A kneecap dislocation arises if the kneecap is driven out forcefully from its normal position in the knee joint. The injury is common among young individuals engaging in sports, elderly and those with predisposing risk factors including those with a history of the injury.
What are the possible causes?
A kneecap dislocation can be triggered by the following factors:
- Knee injuries, typically from direct impact or twisting movement of the knee or ankle
- Sports injuries
- Fall injuries such as stumbling or slipping on steps or objects
- Vehicular accidents
What are the indications?
The usual indications of a kneecap dislocation typically include the following:
- Intense knee pain and tenderness
- Evident deformity of the joint
- Kneecap is movable to the left and right to a higher degree than normal
- Redness and swelling
- Inability to move the knee joint where the affected leg moves back to its original position after being flexed in some cases
- Contusion or bruising depending on the form of trauma sustained
- Sensory disruptions such as numbness or tingling or even both in the distal limb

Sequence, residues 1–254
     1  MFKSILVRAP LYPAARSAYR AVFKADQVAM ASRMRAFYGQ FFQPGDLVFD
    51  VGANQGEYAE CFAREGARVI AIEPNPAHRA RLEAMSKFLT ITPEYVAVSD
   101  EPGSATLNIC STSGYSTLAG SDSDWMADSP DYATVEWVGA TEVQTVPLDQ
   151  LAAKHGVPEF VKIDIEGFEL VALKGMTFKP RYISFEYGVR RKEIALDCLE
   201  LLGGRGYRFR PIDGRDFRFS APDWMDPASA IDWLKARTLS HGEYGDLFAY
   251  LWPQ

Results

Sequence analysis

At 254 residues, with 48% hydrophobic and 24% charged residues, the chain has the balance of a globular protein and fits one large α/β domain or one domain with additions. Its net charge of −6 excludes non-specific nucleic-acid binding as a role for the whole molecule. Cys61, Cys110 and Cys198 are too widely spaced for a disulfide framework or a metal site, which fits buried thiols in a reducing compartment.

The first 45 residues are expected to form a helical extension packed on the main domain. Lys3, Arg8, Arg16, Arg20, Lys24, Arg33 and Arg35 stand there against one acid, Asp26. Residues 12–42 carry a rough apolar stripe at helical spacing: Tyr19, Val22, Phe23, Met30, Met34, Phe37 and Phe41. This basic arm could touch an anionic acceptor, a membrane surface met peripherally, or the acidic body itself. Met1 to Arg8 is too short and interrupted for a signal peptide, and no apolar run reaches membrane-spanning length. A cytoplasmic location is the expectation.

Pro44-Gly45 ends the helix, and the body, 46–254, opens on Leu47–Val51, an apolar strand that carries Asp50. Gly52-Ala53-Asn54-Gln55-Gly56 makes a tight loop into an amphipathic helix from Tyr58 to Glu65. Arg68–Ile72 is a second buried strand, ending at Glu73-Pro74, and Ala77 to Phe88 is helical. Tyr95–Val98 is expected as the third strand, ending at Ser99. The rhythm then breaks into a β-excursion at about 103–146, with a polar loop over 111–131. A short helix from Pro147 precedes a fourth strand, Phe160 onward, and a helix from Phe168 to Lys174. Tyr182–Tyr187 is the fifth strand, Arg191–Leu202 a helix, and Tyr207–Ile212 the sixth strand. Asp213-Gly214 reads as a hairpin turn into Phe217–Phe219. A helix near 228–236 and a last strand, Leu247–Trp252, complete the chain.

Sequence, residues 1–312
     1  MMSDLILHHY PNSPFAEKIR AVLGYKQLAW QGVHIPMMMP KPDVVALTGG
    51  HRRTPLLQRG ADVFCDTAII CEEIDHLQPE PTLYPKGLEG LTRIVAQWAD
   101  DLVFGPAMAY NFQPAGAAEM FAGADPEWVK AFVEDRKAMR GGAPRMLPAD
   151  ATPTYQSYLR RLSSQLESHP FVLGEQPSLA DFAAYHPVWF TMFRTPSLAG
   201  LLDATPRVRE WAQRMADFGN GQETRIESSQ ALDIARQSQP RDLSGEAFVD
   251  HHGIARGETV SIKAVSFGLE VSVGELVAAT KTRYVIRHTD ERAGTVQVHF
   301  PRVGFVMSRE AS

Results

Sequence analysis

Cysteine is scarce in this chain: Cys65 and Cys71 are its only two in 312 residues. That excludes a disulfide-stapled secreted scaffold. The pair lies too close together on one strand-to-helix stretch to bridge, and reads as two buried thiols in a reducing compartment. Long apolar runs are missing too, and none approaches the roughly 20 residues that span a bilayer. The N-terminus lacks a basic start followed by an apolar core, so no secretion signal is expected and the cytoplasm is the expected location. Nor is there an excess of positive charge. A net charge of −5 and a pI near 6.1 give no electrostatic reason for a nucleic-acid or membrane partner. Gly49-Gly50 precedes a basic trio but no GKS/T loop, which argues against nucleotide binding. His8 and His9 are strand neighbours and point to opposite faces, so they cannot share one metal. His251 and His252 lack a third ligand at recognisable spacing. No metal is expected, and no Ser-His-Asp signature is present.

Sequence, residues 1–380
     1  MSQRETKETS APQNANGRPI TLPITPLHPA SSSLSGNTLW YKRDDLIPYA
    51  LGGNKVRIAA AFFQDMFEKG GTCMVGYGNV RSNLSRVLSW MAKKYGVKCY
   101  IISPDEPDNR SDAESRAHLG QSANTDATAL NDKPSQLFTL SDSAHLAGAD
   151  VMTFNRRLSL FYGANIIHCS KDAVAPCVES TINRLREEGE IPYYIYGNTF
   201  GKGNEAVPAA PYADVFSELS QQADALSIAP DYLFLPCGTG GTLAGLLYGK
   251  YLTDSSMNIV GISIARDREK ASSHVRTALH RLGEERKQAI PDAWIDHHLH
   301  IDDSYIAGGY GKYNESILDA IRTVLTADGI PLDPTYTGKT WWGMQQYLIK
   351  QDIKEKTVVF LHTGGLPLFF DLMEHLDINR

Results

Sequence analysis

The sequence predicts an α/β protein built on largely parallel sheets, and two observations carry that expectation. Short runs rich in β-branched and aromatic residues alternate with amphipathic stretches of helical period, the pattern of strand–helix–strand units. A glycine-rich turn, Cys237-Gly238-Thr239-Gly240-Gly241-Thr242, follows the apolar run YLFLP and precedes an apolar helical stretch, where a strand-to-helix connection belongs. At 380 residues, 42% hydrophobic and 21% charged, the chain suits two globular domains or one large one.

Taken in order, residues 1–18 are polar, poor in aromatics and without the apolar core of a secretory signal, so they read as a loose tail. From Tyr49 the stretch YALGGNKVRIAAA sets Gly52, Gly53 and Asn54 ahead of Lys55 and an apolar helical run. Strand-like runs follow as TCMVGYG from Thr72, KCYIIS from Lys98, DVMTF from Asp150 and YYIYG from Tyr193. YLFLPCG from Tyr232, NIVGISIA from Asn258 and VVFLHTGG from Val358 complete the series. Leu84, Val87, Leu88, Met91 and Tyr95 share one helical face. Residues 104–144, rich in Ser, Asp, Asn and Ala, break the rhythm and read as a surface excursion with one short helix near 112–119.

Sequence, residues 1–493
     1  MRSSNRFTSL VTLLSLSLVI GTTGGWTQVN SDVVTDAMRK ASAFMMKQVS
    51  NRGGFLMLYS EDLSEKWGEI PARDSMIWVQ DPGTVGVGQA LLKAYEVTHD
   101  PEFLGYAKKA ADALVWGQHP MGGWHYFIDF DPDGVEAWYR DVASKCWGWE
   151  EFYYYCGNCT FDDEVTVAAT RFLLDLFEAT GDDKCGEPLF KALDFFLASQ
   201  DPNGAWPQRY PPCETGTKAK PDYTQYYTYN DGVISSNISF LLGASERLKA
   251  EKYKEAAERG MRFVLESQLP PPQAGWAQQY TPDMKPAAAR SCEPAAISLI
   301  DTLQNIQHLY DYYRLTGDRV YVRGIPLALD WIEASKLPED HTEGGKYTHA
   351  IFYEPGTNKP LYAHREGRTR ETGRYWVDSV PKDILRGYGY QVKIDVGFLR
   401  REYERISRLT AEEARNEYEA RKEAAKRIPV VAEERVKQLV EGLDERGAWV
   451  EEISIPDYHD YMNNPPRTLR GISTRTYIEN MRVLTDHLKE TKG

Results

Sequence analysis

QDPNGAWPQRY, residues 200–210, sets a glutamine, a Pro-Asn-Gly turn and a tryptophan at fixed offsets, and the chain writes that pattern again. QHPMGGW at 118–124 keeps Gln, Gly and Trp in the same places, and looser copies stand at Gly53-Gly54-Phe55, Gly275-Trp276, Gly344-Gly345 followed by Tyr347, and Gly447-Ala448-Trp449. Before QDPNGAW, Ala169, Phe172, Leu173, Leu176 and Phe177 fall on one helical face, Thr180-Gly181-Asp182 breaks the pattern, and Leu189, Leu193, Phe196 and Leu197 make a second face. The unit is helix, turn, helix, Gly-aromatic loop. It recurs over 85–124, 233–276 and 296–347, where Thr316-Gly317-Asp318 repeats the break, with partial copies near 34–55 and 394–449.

Management of a kneecap dislocation
Call for emergency assistance if the injury is due to trauma or accident.
- The individual should not be moved if other injuries are suspected or if he/she is unable to walk or move.
- Encourage the individual to sit without much movement in a comfortable position
- If the kneecap has returned to its original position, avoid placing any pressure on the affected limb or attempt to walk but seek medical care right away.
- Apply an ice pack on the site of injury to lessen the swelling and pain if there are no open wounds.
- In case there is bleeding from an accompanying wound, apply pressure to control the bleeding.
Quick Note / Disclaimer
The material posted on this page on kneecap dislocation is for learning and educational purposes only. To learn to recognize the signs of injury, register for a first aid and CPR course with Red Deer First Aid.